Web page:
Shanghai Metro: from nothing to world leader

Covering 673 kilometers of tracks and 395 stations, the city's Metro network is the largest in the world, and getting bigger.

Ti Gong
Jiang Xiaowei / SHINE

It is not at all surprising that one might feel perplexed when first standing in front of the Shanghai Metro’s intricate map.

Shanghai has 17 Metro lines running all over the city, and two extensions of current lines will open by the end of this year. More than 10 million people commute by using the network every day.

Covering 673 kilometers of track and 395 stations, it is the world’s largest Metro network.

From nothing to world leader took Shanghai 25 years.

But before that, engineers and workers had groped in the dark for 30 years. Line 1 started operation in 1993, the first section covering 6.6 kilometers from Xujiahui to Jinjiang Amusement Park.

In 1963, engineer Liu Jianhang, later known as the “father of Shanghai Metro,” took a team to Lujiazui area in the Pudong New Area at a time when it was mostly farmland.

Experts at home and abroad came to a conclusion that Shanghai’s soil was too soft to support an underground subway.

“They told me it would be like digging a tunnel inside a piece of tofu,” Liu said.

Ti Gong

Shanghai's first Metro line was put into use in 1993.

In 2003, when Shanghai was named host city for the World Expo 2010, plans were made to extend the length of the Metro to 400 kilometers by the time it opened, according to Jin Jiamo, former Party secretary of Shanghai Shentong Metro Group. “We had only 65 kilometers in 2003,” he said.

In 2007, Jin recalled, 116 stations were under construction at the same time.

As it grew, Shanghai Metro began to introduce more human touches.

Since 2013, in the station hall of People’s Square, where three lines interchange, the Metro operator set up a music corner.

Every Saturday, both professional and amateur musicians and artists hit the stage. More than 500 free shows have been put on to date. and the tiny music corner has become a bridge for cultural exchanges.

At the 500th show, Matt Knowles — director of culture and education at the British Council in Shanghai, which has worked with the music corner twice and is planning another event soon — said what made it so special was that Shanghai Metro had turned a commercial space into a cultural one, giving people a chance to pause and reflect.

At other stations, such as Shaanxi Road S., halls there have held exhibitions of classic and modern art.

In June, the station showcased seven reproductions of famous oil paintings from London’s National Gallery.

Jiang Xiaowei / SHINE

The transfer area between Lines 1 and 9 in Xujiahui

Jiang Xiaowei / SHINE

The transfer area between Lines 1 and 12

Jiang Xiaowei / SHINE

Yaohua Road Station of Line 8

The paintings, including works of Leonardo da Vinci, Vincent van Gogh and Oscar-Claude Monet, were part of the Metro’s public culture project.

Art installations, along with the paintings, built up a three-dimensional scene reflecting the stories behind the works and the artists.

“By exhibiting artworks and artifacts, we aim to make the daily commute an entrance to art,” said the Metro operator’s Jin Shenghua.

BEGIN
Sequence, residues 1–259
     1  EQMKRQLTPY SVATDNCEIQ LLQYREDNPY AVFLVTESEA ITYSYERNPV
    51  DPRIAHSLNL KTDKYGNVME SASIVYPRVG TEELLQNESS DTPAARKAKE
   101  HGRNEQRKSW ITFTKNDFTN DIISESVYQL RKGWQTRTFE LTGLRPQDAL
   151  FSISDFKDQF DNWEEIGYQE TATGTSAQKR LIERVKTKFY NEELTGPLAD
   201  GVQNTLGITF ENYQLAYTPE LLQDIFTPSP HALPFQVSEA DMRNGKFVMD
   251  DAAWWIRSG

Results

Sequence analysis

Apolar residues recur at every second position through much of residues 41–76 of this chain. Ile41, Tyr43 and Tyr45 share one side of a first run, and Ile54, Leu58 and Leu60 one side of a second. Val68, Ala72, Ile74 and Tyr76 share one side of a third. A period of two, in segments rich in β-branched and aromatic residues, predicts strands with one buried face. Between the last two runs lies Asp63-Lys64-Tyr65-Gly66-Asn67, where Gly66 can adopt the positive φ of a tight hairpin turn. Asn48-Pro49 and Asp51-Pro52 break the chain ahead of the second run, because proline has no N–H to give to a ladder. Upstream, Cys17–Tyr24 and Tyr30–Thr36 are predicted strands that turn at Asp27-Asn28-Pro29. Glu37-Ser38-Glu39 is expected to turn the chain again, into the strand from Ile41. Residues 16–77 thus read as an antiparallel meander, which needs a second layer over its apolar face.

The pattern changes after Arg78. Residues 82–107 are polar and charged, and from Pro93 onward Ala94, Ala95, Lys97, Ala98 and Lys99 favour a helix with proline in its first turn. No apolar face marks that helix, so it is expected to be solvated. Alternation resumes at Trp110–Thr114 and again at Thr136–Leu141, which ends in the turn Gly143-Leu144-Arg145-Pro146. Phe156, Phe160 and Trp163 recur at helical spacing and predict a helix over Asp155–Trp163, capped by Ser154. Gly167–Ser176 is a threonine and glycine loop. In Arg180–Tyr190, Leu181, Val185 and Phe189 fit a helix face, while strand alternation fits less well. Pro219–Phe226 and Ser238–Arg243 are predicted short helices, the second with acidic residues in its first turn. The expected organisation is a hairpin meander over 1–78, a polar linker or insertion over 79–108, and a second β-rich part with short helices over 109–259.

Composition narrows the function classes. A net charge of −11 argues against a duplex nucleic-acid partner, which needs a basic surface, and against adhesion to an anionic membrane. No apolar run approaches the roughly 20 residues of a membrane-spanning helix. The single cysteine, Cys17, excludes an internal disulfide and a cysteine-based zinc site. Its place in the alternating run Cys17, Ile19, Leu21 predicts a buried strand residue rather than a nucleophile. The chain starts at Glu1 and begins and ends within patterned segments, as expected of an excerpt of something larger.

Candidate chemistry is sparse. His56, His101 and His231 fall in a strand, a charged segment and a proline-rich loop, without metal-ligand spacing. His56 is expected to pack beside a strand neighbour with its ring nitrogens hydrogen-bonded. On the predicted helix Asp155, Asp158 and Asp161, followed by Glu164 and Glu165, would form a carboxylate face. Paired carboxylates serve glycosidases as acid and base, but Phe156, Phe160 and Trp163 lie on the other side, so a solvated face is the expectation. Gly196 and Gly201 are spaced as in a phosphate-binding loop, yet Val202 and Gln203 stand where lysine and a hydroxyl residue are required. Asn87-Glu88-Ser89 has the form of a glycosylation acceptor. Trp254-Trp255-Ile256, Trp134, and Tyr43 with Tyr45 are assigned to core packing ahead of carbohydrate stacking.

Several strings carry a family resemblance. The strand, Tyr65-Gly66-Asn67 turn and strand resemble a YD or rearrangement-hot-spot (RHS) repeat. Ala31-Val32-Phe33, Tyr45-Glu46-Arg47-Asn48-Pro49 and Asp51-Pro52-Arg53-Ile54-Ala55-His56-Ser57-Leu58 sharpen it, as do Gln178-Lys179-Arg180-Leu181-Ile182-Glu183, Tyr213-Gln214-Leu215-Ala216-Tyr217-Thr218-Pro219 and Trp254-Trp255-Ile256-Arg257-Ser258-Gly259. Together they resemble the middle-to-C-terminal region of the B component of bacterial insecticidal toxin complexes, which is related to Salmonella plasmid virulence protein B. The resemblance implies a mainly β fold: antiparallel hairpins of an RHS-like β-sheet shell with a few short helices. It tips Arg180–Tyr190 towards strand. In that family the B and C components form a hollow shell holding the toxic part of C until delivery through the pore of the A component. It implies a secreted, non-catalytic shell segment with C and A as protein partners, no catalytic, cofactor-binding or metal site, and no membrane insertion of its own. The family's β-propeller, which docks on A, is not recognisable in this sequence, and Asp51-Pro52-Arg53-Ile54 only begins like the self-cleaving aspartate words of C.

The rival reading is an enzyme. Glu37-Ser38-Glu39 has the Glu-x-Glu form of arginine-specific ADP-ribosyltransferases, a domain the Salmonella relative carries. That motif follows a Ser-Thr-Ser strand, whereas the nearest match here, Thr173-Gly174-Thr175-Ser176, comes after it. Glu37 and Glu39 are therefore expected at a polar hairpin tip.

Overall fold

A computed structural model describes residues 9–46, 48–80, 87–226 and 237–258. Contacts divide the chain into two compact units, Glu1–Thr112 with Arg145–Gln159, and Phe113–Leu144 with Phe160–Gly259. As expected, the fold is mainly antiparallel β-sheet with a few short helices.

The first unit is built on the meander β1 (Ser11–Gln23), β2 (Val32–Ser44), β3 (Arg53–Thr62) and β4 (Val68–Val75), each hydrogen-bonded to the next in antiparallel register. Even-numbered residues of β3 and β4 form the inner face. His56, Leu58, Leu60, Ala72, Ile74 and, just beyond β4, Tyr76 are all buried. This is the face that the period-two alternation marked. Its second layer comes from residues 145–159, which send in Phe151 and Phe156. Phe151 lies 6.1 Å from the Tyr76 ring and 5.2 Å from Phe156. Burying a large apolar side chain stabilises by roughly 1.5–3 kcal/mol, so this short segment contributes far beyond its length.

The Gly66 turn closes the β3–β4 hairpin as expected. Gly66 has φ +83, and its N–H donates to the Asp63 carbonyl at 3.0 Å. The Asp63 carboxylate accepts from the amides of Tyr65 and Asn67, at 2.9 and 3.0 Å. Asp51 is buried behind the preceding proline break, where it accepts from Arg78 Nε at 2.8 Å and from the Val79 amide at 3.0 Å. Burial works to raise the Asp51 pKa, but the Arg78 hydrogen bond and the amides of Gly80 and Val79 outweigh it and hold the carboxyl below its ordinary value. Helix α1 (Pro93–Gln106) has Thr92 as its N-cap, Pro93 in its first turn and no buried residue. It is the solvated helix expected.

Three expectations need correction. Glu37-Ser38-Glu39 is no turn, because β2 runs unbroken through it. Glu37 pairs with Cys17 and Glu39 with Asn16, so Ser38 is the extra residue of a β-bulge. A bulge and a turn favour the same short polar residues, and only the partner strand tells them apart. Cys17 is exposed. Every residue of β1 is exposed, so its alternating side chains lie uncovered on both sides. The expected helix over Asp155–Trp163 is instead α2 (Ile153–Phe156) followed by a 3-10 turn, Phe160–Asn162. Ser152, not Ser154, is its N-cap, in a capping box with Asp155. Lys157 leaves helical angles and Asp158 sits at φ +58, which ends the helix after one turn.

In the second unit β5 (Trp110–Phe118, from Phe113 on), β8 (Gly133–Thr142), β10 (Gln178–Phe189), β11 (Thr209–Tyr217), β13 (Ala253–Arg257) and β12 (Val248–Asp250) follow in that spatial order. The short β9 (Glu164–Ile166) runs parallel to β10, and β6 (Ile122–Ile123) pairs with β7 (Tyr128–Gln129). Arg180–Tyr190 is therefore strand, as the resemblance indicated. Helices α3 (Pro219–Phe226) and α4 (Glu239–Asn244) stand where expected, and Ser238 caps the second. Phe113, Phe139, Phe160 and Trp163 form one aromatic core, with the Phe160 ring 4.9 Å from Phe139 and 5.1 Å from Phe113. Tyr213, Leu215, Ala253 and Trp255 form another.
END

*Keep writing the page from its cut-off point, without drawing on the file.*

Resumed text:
Line 17, which opened last year, has gone further, with every single station  designed with artistic decorations.

In July, its Zhuguang Road station won the LEED (Leadership in Energy and Environmental Design) silver prize, the most widely used green building rating system in the world, making it the first of all Metro stations in Asia to win the title.

At the same time, as the human side of the Metro’s public space is being developed, the hardware is also evolving.

On March 31, Shanghai’s first automated people mover, a driverless train on the Pujiang Line, started operation.

The entire operation of the new line will be remotely controlled from a central dispatch room. Passengers who sit at the head or tail of the train will have full access views outside through huge glass windows.

Wang Rongjiang / SHINE

A driverless train on the Pujiang Line started operation in March.

Unlike many of these lines, where passengers cannot move from one carriage to another, the four carriages on the Pujiang Line train are open and passengers can move freely between them, making it the longest train of its kind in the world.

For the project, Shentong Metro partnered with France-based Keolis, the world’s leading provider of trams and automated rapid transit. The company has successfully operated 110 kilometers of track for automated people movers.

“Since this is an automated line, our officers will be largely working in the control room and in the stations,” said Yu Miao, manager of Shanghai Keolis, operator of the Pujiang Line.

From January 2018, an app developed by Shanghai Metro — called Metro Daduhui — has allowed passengers to scan a QR code on their phones to enter the trains.

It now supports Alipay, WeChat Pay and Union Pay, three of the most commonly used mobile payment methods in China.

The app is part of the cooperation between Shanghai Metro and industrial giants such as Tencent and Alibaba. The Metro operator has signed strategic cooperation agreements with both companies.

In the future, voice-control ticket dispensers and facial recognition on turnstiles will be applied to all Metro stations to make it even easier for commuters to travel around the city.

Currently, there are seven Metro projects under construction, three of which are extensions to existing lines, which will be finished before the end of this year. The rest will open to the public in 2020.

By then, Shanghai Metro will have 20 lines and cover a total length of 830 kilometers.



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